Most teachers find it unsettling to observe a student leaning back in his chair, with only two legs of the chair in contact with the floor. Focusing on teaching a lesson can be difficult when a student is teetering on the brink of a dangerous fall. The concern, moreover, is not unwarranted; a chair tipper can easily tip his chair too far, fall over backwards, and hit his head.
Students often lean back in their seats because the chairs are hard and uncomfortable and they're expected to sit in them for long periods of time; leaning back is their way of stretching and releasing excess energy.
Chair tippers often are unaware of what they're doing, which can make it a hard habit to break. Chair tipping is not, however, a behavior you can ignore; there's a real risk that the student will fall. To break a student of this dangerous habit, you need to help him become more aware of what he's doing and then take measures to make him stop.
WHAT YOU CAN DO
Establish a "no tipping" policy. Make sure students understand that chair tipping is not allowed. Point out how easily they can fall over and hurt themselves. If possible, cite examples of students who have fallen. Explain the consequences for chair tipping in your classroom, which might include having their chairs taken away or missing recess.
Give chronic chair tippers other opportunities to stretch and release energy. Some students tip their chairs back in an attempt to move around or stretch. If you have a student who frequently tips back his chair and you conclude he needs to vent excess energy, allow him to get out of his chair more often. You might even allow him to work standing up for a few moments, perhaps leaning against a wall as he writes on a clipboard or reads a book.
Address chair tipping immediately. Do not ignore a student who is rocking back and forth in his chair; chair tipping raises safety concerns and demands an immediate response. Your first reaction should be to tell the student to stop; a simple "Andrew, all four chair legs on the floor, please" may be all that's necessary.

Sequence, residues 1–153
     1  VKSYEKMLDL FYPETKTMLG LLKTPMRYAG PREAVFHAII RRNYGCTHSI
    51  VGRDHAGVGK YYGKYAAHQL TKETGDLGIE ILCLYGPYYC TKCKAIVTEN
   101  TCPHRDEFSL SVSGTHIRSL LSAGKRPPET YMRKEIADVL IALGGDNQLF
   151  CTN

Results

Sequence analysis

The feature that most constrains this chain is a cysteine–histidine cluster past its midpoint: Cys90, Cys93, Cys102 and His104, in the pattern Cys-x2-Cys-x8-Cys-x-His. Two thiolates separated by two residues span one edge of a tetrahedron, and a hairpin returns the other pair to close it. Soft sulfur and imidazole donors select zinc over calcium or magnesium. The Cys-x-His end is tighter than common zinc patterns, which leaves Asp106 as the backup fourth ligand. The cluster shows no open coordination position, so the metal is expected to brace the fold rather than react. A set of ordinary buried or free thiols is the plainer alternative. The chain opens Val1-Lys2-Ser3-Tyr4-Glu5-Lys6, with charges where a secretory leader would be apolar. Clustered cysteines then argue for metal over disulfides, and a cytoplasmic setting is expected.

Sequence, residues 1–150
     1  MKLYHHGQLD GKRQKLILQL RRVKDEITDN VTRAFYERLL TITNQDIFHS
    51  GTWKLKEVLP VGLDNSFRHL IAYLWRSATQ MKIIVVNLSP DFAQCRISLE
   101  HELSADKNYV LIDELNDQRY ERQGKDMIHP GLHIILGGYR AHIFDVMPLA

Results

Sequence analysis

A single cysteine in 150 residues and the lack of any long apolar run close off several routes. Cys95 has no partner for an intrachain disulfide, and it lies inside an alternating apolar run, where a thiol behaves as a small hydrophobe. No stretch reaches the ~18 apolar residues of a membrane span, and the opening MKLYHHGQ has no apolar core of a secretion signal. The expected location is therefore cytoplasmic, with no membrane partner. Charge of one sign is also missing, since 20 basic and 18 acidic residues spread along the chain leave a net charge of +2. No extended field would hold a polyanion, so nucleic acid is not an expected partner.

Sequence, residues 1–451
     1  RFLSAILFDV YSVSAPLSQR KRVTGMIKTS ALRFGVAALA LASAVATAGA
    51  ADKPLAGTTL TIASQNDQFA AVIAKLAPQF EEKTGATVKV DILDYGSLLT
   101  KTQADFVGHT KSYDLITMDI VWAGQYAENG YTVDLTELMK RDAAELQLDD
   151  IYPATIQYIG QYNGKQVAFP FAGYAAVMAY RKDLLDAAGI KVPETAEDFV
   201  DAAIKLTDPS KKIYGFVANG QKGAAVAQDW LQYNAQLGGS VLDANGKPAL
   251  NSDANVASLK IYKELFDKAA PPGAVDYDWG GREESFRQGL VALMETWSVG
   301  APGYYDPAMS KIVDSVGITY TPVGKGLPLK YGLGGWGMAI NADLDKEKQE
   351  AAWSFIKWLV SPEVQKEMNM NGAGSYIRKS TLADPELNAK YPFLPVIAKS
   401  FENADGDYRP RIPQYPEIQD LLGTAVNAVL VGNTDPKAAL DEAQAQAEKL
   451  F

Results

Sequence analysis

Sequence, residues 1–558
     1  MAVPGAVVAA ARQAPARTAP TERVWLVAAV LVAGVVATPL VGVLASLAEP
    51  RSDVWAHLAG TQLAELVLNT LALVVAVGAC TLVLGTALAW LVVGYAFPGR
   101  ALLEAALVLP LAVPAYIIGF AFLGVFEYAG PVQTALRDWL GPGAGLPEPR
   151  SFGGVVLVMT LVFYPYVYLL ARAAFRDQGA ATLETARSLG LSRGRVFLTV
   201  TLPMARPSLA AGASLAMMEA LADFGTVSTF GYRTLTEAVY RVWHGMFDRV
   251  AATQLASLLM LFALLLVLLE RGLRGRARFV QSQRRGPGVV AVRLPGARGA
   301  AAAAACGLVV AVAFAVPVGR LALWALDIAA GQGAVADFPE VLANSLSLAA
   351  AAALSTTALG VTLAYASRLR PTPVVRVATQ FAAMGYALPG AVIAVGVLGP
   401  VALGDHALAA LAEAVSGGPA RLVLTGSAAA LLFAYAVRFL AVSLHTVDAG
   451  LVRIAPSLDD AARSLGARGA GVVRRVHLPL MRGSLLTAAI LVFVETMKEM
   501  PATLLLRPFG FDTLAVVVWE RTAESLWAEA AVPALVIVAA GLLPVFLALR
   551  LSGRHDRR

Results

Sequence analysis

Consider taking away the student's chair. If the problem persists, you might take away the student's chair and have him stand -- for a few minutes or for the remainder of the lesson. Explain that removing the chair is not punishment, but a safety measure, and that you will give it back when you believe he can sit in the chair without tipping it. If the student seems excited about standing, ignore him; eventually he'll tire of it.
Enlist the help of all your students. Explain that you don't always see a student who is rocking in his chair; ask your students to help out by giving a gentle reminder to any classmate they see tipping back his chair.
Praise "non-tipping" behavior. When you see a student who is prone to chair tipping sitting properly, acknowledge that behavior. Find occasions to praise other students who are sitting safely. In that way, you convey to the chair tippers that sitting appropriately is an effective way to attract your attention.